Friday, June 27, 2014

M213 Ridgerunner-class HTV (Heavy Transport Vehicle)

Hello All.
I would like to share some history and stats with you regarding the M213 Ridgerunner-class HTV. The in-story vehicle, the HURON, with CO Captain Jake Billet, is one of these massive beasts, and I thought you'd like some detail on this beautiful American-made monster.
When the H7N9 pandemic first took solid hold, in the U.S., to get vital medicines, personnel and other hard and soft transferrable and transportable goods between infected lands, GDG&M Land Systems LLC (Grusnis, Dietrich, Gilmore & Myszak Land Systems LLC) offered the beleagured
U.S. DoD a new concept in HTV (Heavy Transport Vehicle) design.
A combination between a tracked APC (Armored Personnel Carrier) and wheeled HEMTT (Heavy Expanded Mobility Tactical Truck), the M213 HTV was offered as a workhorse vehicle that could be up-armored with a variety of small arms and weaponry, including larger turreted weapons like 25mm
chain-fed autocannons.
Initially the project was put on hold as there wasn't a need for a juggernaut land vehicle like the M213. Still, the first five vehicles were built at DATP (Detroit Arsenal Tank Plant) in Warren, Michigan. They rolled into service September 2013 as the pandemic worsened.
Further vehicle assembly was halted as Detroit filed for bankruptcy in December 2013.
With the global and national crisis strangling the United States, Canada bought Detroit and a section of the east side of Michigan, north to Mt Clemens, south to Rockwood, west to South Lyon and Ann Arbor. It was called the Detroit-Windsor Providence starting in May 2014.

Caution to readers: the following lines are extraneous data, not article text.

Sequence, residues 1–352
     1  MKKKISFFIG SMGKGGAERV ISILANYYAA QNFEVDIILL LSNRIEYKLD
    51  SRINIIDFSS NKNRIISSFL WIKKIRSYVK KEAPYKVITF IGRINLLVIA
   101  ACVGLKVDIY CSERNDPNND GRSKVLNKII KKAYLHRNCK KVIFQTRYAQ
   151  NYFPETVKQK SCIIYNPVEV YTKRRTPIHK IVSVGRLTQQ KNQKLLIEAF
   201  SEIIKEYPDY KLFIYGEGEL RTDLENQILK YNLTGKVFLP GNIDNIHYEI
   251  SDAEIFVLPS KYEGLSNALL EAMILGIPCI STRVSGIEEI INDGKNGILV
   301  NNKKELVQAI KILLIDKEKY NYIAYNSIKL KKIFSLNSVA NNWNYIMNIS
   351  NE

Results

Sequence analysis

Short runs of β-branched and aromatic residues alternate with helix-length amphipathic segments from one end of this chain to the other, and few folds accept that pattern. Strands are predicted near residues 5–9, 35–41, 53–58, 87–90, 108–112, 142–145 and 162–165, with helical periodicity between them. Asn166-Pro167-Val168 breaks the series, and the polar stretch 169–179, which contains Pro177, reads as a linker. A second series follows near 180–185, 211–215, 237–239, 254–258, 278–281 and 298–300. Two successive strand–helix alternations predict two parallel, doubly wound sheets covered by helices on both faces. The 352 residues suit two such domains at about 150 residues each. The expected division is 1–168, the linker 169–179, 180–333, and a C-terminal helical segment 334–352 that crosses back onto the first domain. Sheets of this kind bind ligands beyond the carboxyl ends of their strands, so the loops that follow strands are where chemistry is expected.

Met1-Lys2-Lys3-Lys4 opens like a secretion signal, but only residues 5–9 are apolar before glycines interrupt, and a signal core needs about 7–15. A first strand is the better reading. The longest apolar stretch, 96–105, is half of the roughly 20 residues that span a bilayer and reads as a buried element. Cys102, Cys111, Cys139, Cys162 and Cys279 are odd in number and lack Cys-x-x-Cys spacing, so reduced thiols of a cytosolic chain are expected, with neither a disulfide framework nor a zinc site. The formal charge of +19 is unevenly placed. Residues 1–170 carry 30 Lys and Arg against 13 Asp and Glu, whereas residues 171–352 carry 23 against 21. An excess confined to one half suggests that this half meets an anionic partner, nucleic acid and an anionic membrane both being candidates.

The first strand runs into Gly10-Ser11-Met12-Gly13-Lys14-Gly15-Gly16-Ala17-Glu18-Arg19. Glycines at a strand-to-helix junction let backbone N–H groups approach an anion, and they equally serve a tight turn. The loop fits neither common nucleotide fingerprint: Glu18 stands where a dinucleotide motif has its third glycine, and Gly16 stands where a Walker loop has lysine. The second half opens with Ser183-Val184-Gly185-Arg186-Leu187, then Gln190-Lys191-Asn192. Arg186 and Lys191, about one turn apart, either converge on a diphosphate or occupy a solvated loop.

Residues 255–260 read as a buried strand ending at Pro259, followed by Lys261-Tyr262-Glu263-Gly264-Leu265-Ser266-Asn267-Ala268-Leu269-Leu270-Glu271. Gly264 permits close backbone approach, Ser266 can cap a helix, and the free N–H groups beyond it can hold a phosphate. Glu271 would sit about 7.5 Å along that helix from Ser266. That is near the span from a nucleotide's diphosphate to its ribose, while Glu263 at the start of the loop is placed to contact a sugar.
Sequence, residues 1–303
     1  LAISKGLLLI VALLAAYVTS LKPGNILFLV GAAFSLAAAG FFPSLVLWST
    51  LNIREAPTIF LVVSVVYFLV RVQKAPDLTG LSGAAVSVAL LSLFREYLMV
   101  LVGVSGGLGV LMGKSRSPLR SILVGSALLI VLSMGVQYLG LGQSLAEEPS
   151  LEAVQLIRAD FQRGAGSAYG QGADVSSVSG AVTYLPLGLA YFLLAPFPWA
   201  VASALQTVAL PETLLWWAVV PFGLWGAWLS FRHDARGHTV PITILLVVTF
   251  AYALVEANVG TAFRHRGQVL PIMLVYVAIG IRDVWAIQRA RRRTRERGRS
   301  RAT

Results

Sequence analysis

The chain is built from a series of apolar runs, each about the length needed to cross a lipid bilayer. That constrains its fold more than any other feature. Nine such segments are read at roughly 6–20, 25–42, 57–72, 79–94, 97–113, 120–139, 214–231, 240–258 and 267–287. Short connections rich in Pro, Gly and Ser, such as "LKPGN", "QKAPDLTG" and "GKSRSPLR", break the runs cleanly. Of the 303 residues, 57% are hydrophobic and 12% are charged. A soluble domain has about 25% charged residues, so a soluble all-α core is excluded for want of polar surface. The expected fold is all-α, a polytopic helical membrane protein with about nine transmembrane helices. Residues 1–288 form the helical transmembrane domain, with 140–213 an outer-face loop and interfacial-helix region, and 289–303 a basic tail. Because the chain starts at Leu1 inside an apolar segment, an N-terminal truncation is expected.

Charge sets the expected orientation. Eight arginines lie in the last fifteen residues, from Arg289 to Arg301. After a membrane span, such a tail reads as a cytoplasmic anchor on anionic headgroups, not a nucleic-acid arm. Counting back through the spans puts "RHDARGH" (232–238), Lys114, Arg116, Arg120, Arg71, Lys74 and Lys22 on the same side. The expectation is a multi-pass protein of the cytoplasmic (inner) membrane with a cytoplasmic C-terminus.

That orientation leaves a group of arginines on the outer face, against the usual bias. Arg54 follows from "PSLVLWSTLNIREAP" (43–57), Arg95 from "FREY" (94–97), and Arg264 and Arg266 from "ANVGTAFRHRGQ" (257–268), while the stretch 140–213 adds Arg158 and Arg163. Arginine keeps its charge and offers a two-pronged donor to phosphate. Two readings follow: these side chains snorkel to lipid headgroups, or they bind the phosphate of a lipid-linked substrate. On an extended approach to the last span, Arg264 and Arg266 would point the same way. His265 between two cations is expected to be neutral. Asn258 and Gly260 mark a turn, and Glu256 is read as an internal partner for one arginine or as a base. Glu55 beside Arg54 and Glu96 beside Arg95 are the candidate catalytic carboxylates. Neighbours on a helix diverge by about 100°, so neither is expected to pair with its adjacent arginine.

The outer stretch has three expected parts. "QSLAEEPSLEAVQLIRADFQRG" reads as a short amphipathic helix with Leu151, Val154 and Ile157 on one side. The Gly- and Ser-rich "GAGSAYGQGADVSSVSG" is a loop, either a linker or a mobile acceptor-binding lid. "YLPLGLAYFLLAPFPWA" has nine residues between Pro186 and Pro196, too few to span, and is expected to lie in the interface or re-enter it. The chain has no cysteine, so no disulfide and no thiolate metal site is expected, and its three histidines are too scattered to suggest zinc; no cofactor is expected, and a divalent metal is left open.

The already-built and rolled-out M213 transport vehicles stayed in Michigan, stationed first in the Lansing area under the command of Major J. Golczynski and A. "Sonny" Saenz, then the full unit was transferred to Grand Rapids, the second largest city in Michigan. (Detroit had been the
The M213 Ridgerunner-class HTV's were named after the five great lakes: MICHIGAN, SUPERIOR, HURON, ERIE and ONTARIO.
With room to seat 24 men, a CO, and supplies in the main body of the vehicle, plus a driver and navigator, it beat out APC's. Typically a commander, front gunner and rear gunner were part of the crew and held topside positions. With four roof-top hatches, these stations could be fully utilized as gun ports.
Towing capabilities rival its own weight, the M213 beats the HEMTT and the HET (Heavy Equipment Transport) vehicles when it comes to payload hauling requirements and needs.
With wheeled and tracked mobility available on the spot, the M213 is the prime armored transport for any tactical environment.
Weight:   72 tons
Length:   32 feet
Width:    14 feet
Height:   12.5 feet (from ground to roofline)
Speed:    Road 52 mph (83km/h) Off-Road: 30 mph (48km/h)
Engine:  Twin Cummins VTA-903T diesel, 1200 hp total
Fuel Capacity:   155 US gal (587 l)
Operational Range:   220 mi (354km)
Transmission (tracked):  XT-1410-5A cross-drive (3 speed forward, 1speed reverse)
                      (wheeled): Allison 4500SP/5_Speed automatic (can be synced with track transmission) 
At the time of this writing, only the ONTARIO and the HURON remain in service.
(Illustrations by Tim Holtrop, Jason Conley and Google)
Read about the HURON and her crew in the TRANSPORT Series.
TRANSPORT Book One is available now online and wherever books can be ordered.
Amazon (paperback)
Barnes & Noble (paperback and Nook)

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